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Stephen
User Rank
Gold
Re: World of error codes!
Stephen   12/13/2012 10:57:00 AM
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This just in: Many OEM system builders, e.g. boilers, automobiles & trucks, copier/printers, residential & commercial appliances etc., use components from other manufacturers, e.g. EBM Pabst, one of a couple of blower/fan specialists. True Babel would be every manufacturer trying to reinvent the wheel.

Speaking of OBDII, if your tech is just swapping parts to address OBD codes you need to find a tech who better understands OBDII and how the various systems & components interact; while remarkably effective as engine control systems, (like modern ultra high efficiency boiler systems) they're not trivial systems! The CEL/MIL code(s) is/are only a starting point, systematic diagnosis is also required.

For those interested in OBDII -- MA RMV publishes a quarterly newsletter for inspection stations & OBDII emissions techs w/ some interesting case studies of particularly difficult OBDII cases.
http://www.vehicletest.state.ma.us/inspection_newsletter.html

naperlou
User Rank
Blogger
Babel
naperlou   12/13/2012 9:51:06 AM
NO RATINGS
Jacob, well at least all the countries involved use the same alphabet.  Imagine if there were Asian parts there as well.  This is not a hit on Asian parts, just a comment on languages. 

Letting an Italian company do the control system seems a little suspect.  Oh, well.

In reality, your automobile is very similar to this setup.  Most of the major subassemblies are made by different manufacturers.  That is why there are so many microprocessors  in a car.  Since microcontrollers are so inexpensive, each vendor uses their own rather than trying to integrate a software routine into a central control computer, which would be feasible.  Thus, even the temperature guage in your car probably has its own microcontroller.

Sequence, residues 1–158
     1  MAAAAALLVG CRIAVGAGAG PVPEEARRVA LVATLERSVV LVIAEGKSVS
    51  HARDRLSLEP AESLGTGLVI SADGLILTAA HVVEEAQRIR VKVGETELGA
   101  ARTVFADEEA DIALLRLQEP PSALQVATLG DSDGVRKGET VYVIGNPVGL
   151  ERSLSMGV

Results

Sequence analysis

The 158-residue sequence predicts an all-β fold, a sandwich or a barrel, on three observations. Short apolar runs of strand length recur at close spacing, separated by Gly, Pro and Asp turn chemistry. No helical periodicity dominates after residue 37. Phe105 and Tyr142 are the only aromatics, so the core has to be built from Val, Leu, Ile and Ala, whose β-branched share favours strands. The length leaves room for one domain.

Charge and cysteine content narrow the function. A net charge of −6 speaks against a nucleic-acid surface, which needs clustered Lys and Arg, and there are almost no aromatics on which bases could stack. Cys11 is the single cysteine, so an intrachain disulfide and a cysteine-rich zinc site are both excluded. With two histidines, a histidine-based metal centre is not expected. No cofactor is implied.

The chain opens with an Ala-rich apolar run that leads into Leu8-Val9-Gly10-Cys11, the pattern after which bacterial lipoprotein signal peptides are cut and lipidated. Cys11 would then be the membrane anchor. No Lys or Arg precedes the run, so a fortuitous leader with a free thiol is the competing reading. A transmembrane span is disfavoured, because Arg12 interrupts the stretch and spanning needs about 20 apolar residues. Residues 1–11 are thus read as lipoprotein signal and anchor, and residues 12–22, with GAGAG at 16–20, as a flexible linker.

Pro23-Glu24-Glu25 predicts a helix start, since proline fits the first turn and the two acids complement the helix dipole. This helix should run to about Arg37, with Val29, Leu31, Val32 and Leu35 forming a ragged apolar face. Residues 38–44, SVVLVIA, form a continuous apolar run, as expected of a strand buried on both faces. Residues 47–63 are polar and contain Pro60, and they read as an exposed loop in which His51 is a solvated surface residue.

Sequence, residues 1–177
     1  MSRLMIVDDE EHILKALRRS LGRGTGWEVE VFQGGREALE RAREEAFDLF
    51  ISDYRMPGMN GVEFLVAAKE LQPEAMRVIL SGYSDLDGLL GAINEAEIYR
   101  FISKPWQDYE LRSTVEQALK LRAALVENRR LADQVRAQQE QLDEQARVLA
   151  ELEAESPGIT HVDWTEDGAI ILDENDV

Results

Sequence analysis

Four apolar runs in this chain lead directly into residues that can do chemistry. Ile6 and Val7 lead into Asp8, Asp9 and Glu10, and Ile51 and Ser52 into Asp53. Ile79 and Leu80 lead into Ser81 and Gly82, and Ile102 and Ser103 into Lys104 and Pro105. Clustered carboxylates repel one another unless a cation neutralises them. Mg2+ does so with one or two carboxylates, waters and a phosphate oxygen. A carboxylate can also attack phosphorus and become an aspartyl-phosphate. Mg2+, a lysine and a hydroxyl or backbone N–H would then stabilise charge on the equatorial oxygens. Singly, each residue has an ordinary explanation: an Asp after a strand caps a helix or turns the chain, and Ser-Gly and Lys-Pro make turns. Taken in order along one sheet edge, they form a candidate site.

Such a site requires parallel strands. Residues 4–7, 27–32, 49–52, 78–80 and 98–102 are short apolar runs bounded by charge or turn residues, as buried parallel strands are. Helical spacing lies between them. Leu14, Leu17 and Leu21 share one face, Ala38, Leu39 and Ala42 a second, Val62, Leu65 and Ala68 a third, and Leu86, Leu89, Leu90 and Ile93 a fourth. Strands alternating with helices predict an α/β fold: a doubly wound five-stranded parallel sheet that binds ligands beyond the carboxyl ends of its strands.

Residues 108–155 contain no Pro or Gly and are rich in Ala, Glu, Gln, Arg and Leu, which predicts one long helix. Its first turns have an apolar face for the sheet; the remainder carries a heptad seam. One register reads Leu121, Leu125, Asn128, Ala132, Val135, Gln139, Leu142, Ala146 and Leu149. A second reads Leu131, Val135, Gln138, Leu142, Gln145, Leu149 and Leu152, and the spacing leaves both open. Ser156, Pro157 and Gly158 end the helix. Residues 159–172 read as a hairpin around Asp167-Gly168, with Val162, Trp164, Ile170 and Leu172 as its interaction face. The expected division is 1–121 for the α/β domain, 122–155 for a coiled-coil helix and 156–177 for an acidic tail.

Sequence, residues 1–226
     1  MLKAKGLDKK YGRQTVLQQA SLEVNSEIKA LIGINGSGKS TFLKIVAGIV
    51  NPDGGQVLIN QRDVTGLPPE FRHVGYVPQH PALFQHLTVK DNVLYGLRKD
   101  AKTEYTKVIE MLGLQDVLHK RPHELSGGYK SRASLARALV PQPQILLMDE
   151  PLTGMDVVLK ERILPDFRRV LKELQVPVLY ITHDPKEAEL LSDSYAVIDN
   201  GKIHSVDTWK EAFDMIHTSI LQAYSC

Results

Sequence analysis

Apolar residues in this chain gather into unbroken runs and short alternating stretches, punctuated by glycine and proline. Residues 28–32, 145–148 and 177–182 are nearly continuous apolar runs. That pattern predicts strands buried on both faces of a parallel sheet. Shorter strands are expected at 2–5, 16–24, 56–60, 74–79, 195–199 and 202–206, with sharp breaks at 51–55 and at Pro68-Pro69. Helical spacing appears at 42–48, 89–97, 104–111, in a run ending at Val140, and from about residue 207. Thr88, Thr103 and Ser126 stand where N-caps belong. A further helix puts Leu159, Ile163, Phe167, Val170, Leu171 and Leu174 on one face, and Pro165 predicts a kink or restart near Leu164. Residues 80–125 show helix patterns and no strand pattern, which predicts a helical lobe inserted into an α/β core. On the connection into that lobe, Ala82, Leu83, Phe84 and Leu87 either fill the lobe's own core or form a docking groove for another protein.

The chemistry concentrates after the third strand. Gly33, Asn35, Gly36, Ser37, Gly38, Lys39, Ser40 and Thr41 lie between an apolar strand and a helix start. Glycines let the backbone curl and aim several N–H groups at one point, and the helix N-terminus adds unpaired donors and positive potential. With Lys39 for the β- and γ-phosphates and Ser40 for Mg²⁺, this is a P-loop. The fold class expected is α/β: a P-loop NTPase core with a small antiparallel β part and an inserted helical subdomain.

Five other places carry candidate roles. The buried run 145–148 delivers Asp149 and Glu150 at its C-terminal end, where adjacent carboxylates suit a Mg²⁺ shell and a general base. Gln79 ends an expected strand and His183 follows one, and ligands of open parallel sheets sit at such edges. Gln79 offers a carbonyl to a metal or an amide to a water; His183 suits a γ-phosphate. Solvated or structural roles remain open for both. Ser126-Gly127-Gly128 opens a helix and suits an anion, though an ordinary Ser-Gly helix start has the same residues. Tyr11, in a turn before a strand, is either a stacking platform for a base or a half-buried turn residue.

The issue, as you have pointed out is integration.  That includes specification as well as testing.  Seems it was not done well in this case.

GTOlover
User Rank
Platinum
World of error codes!
GTOlover   12/13/2012 9:29:42 AM
NO RATINGS
Seems as the world grows more and more digital, the way to diagnose problems is to read a code and check the manual. Which is OK if the manual is useful and/or detailed. It seems that in this instance it was not. I wonder if the control manufacturer was vague on purpose so that the customer has to rely on their service. Or they just like to cut costs and leave the manual writing to a non-technical employee.

As a car guy, the OBD2 diagnostics is useful, but I find the service techs start replacing parts until the error code goes away. In some instances, the error code is unrelated to the actual problem. Change enough parts and the problem is then "fixed".

Good for you for good diagnosis and follow-up!

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